• Your private key is secret to you and is used to decrypt data that has been encrypted for you. If a public key is like a phone number in a telephone directory, the private key is like a PIN to access any messages sent to that number.

Virgil Security’s SDKs and cloud service create the keys, share the public keys between users, and keep the private keys safe so that only the end user has access to it on their device. Neither Virgil Security nor PubNub have access to the private keys.

Step 1: Set up your backend

You’ll need at least a basic backend server for your app that has user authentication. Then you’ll use one of these sample apps to set up the Virgil SDK on your backend to generate JWTs for each of your application’s users that will identify them and grant them access to the Virgil Cloud – Node.js | Golang | PHP | Java and follow the instructions in README.

Step 2: Set up your client

On the client side, we will use the Virgil e3kit SDK to create and store the user’s private key on their device and to publish the appropriate public key in the Virgil Cloud.

You’ll need to install and initialize e3kit SDK in this step.

Note: These code snippets are in Swift, but e3kit works across any language. You can find snippets for Java, Javascript, Kotlin and Swift in the documentation here.

A) Use the package manager to download the e3kit SDK to your mobile or web project.

To install e3kit in your iOS project, if you haven’t yet, you’ll need to install CocoaPods:

$ gem install cocoapods

If CocoaPods is not yet integrated in your iOS project, you’ll need to initialize CocoaPods:

$ pod init

To integrate Virgil E3Kit into your Xcode project using CocoaPods, you’ll need to specify it in your Podfile:

target '<Your Target Name>' do
use_frameworks!

pod 'VirgilE3Kit', '~> 0.5'
end

Then, run the following command to finish the integration:

$ pod install

B) Initialize e3kit:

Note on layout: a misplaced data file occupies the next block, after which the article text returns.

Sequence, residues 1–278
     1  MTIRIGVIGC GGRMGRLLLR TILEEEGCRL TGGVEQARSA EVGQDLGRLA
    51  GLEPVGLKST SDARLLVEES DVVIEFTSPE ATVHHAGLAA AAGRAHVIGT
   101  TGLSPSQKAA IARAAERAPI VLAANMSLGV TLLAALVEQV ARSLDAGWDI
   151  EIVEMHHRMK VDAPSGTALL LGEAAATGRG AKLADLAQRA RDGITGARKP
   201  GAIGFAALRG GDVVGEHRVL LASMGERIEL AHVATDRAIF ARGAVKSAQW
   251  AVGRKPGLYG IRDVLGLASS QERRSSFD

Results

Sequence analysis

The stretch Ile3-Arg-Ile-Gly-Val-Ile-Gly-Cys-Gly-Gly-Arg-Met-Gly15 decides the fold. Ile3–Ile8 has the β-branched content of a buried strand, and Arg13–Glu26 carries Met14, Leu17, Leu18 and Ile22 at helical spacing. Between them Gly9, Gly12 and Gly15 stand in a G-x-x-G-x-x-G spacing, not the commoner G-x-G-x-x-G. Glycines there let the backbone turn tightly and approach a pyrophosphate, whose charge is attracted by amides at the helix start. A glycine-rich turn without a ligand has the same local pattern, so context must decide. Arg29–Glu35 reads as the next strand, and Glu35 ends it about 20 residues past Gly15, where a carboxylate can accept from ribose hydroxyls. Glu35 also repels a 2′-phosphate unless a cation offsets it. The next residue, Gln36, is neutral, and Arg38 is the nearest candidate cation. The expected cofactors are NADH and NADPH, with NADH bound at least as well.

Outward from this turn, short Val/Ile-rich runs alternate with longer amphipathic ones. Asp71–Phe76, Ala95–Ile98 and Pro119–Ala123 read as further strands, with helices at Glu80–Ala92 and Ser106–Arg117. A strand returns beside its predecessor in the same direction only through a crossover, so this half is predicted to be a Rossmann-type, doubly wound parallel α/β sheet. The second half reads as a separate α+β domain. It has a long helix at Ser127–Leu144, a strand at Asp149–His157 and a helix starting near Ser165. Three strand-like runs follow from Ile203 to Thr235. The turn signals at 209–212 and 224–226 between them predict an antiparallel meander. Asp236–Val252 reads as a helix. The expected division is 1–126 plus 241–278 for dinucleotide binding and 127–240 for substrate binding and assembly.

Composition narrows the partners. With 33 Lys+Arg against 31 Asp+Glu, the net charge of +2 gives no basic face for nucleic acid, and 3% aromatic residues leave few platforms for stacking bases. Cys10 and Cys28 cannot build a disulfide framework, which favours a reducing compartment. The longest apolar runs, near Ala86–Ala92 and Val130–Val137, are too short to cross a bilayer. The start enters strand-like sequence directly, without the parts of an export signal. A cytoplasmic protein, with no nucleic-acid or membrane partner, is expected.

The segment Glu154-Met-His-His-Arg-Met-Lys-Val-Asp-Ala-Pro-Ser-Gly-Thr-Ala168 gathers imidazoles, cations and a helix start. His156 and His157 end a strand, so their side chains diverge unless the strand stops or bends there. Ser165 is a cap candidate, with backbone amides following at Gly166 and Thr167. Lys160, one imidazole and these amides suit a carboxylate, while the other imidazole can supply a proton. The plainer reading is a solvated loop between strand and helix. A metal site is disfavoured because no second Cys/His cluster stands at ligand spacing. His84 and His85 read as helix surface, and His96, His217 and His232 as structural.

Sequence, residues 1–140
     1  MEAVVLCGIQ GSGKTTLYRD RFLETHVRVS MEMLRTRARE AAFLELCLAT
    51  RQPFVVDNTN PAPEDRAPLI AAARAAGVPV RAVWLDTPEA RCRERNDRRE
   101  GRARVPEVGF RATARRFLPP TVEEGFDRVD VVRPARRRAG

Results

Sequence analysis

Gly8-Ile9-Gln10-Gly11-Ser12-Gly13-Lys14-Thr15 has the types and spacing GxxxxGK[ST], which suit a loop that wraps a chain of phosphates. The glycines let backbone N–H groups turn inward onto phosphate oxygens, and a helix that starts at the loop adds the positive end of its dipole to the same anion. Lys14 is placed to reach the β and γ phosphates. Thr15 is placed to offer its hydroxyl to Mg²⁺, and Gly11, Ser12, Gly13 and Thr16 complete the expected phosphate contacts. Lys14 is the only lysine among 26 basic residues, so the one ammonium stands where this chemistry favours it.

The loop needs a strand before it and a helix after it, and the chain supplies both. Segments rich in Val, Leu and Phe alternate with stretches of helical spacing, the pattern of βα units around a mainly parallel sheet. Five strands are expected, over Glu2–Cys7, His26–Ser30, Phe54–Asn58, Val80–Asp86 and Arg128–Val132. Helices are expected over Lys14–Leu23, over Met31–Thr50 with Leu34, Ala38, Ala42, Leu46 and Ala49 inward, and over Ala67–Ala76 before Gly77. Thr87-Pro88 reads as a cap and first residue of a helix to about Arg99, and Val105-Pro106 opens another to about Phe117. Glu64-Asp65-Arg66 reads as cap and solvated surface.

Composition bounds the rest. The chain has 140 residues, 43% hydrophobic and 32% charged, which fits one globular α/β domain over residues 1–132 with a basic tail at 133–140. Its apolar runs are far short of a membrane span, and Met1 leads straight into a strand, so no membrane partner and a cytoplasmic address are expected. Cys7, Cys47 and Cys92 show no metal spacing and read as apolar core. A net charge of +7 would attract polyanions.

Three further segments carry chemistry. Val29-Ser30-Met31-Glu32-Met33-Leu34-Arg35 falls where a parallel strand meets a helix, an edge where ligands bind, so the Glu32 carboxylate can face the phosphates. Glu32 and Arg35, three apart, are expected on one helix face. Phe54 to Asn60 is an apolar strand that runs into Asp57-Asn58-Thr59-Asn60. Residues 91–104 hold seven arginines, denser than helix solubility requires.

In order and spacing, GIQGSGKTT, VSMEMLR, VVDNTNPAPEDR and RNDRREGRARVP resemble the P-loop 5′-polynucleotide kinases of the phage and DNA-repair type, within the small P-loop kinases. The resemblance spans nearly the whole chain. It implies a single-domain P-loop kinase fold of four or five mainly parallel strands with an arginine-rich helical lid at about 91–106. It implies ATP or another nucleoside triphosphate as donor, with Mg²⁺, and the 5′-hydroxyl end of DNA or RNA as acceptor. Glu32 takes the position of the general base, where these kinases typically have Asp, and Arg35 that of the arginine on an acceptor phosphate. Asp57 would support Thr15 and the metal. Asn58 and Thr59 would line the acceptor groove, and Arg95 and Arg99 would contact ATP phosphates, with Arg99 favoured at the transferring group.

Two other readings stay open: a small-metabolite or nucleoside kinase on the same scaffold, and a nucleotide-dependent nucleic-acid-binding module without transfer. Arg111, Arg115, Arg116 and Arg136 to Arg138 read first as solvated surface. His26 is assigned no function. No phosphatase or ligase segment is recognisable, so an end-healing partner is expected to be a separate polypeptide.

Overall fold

In order to have an eThree instance and interact with the Virgil Cloud, e3kit must be provided with a callback that it will use to fetch the Virgil JWT from your backend for the current user.

import VirgilE3Kit
import VirgilSDK

let connection = HttpConnection()

// This function returns a token that will be used to authenticate requests
// to your backend.
// This is a simplified solution without any real protection, so here you need
// use your application authentication mechanism.
let authCallback = { () -> String in
   let url = URL(string: "http://localhost:3000/authenticate")!
   let headers = ["Content-Type": "application/json"]
   let params = ["identity": identity]
   let requestBody = try! JSONSerialization.data(withJSONObject: params,
                                                 options: [])

   let request = Request(url: url, method: .post,
                         headers: headers, body: requestBody)
   let resonse = try! connection.send(request)

   let json = try! JSONSerialization.jsonObject(with: resonse.body!,
                                                options: []) as! [String: Any]
   let authToken = json["authToken"] as! String

   return authToken
}

let authToken = authCallback()

let url = URL(string: "http://localhost:3000/virgil-jwt")!
// We use bearer authorization, but you can use any other mechanism.
// The point is only, this endpoint should be protected.
let headers = ["Content-Type": "application/json",
              "Authorization": "Bearer " + authToken]

// This function makes authenticated request to GET /virgil-jwt endpoint
// The token it returns serves to make authenticated requests to Virgil Cloud
let tokenCallback: EThree.RenewJwtCallback = { completion in
   let request = Request(url: url, method: .get, headers: headers)

   guard let response = try? connection.send(request),
       let body = response.body,
       let json = try? JSONSerialization.jsonObject(with: body, options: []) as? [String: Any],